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How Tsarist Russia settled the Far East with immigrants
How Tsarist Russia settled the Far East with immigrants

In the middle of the 19th century, after the final annexation of lands along the Amur and in Primorye, Russia received a huge and almost deserted land. In addition, it is separated from the places of residence of the bulk of the population by hundreds, even thousands of miles of Siberian taiga and off-road.

But in just half a century, the authorities of the Russian Empire managed to resolve the issue of settling the Far East, providing land, assistance and benefits to migrants. Alexey Volynets especially for DV recalls how it was.

A resettlement center near the Kansk station. From the album "The Great Way", 1899, photographer Ivan Tomashkevich

Cossacks on the Chinese border

The first inhabitants of the new lands, as was often the case in Russian history, were the Cossacks. On December 29, 1858, by decree of Tsar Alexander II, the Amur Cossack army was formed. Soon, on June 1, 1860, the "Statute on the Amur Cossack Host" appeared - the first document in Russian history that regulated the provision of land in this region.

Then, in the middle of the 19th century, a total of about 18 thousand people lived on the territory of the modern Amur Region, the Jewish Autonomous Region, Sakhalin, Khabarovsk and Primorsky Territories. For comparison: today the total population in these regions is about 5 million people, almost 300 times more.

Tiny tribes of Gilyaks (Nivkhs), Golds (Nanais), Orocs and Udege were practically invisible in the endless Far Eastern taiga. The new border of Russia with China stretched for almost 2000 km and required not only protection, but also settlement.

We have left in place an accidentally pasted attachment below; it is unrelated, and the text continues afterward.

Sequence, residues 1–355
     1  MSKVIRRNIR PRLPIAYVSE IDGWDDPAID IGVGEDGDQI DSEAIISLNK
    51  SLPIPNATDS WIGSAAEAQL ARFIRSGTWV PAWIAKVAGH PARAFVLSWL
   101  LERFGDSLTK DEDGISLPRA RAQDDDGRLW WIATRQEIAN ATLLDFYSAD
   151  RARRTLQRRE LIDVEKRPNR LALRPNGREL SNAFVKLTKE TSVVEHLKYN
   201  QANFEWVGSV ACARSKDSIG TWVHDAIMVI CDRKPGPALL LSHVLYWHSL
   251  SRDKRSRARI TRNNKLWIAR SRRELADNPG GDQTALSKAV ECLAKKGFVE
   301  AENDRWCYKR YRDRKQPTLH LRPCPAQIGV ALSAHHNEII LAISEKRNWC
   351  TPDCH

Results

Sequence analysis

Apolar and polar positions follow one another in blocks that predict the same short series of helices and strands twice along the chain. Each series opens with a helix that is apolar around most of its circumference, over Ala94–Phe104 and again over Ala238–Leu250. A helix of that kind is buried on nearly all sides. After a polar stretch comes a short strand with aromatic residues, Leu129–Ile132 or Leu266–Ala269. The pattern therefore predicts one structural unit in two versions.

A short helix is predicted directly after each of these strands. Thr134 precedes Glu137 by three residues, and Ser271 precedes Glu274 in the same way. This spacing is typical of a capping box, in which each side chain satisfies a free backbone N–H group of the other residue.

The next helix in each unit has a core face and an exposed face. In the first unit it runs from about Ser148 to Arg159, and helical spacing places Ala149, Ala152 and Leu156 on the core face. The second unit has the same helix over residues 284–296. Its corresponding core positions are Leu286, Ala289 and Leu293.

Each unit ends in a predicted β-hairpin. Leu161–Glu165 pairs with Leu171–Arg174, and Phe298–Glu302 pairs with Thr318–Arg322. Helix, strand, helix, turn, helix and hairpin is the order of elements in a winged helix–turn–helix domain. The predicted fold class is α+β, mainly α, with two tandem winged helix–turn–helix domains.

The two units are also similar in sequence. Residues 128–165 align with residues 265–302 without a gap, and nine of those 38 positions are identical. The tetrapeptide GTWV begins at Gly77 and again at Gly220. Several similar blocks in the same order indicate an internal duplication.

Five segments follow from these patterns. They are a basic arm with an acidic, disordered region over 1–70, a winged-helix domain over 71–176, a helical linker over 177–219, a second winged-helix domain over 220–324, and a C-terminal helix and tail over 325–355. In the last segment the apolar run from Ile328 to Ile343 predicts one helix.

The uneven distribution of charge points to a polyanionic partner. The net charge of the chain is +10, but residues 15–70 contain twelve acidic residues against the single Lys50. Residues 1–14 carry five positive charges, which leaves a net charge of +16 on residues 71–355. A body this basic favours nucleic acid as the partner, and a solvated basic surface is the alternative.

How Far Eastern lands were distributed in tsarist Russia

Cossacks of the Ussuri Foot Battalion / Public Domain / Wikimedia Commons

The Cossack army was formed from the Cossacks, Buryats and peasants of Transbaikalia. They were settled along the border, on the banks of the Amur and Ussuri, in the places indicated by the authorities. As compensation, the Cossacks-settlers received large land plots. Officers, depending on their rank, were given from 200 to 400 dessiatines, and privates - 30 dessiatines of land for each male soul in the family. Tithing - a pre-revolutionary measure of the area - was equal to 109 acres, or 1.09 hectares. That is, each Cossack family received in perpetual possession many tens of hectares of Far Eastern land.

Such government measures quickly yielded visible results. Just a year later, in 1862, along the recently deserted banks of the Amur, there were 67 Cossack villages with a population of almost 12 thousand people, and in Primorye there were 23 villages where 5 thousand Cossacks lived.

Hectare for 3 rubles

But for the vast expanses of the Far East, this was negligible. The new Cossacks only allowed the organization of border guards; for the full development of the land, not even tens, but hundreds of thousands of migrants were required.

Therefore, on March 26, 1861, the government of the Russian Empire approved the regulation "On the rules for the settlement of Russians and foreigners in the Amur and Primorsky regions of Eastern Siberia." According to these "Rules", the peasants who moved to the Far East received free of charge for temporary use for 20 years up to 100 acres of land per family with the right of subsequent redemption. The land could be immediately acquired into ownership at a price of 3 rubles per tithe.

100 dessiatines (or 109 hectares) was almost 30 times more than the average land plot of a peasant family in the European part of Russia. In addition, all migrants from the Far East had benefits. For 10 years they were exempted from conscription into the army and for life from paying the poll tax - the largest tax that peasants then paid.

The land and privilege policy has been successful. For 20 years, from 1861 to 1881, 11,634 peasant families moved to the Far East. But the resettlement to the banks of the Amur was very long and difficult.Railways to the east of the Urals have not yet been built - the journey on a peasant cart along the Siberian highway and the almost complete impassability of the Transbaikalia took one and a half to two years.

How Far Eastern lands were distributed in tsarist Russia

Peasant family. Photo from the Library of Congress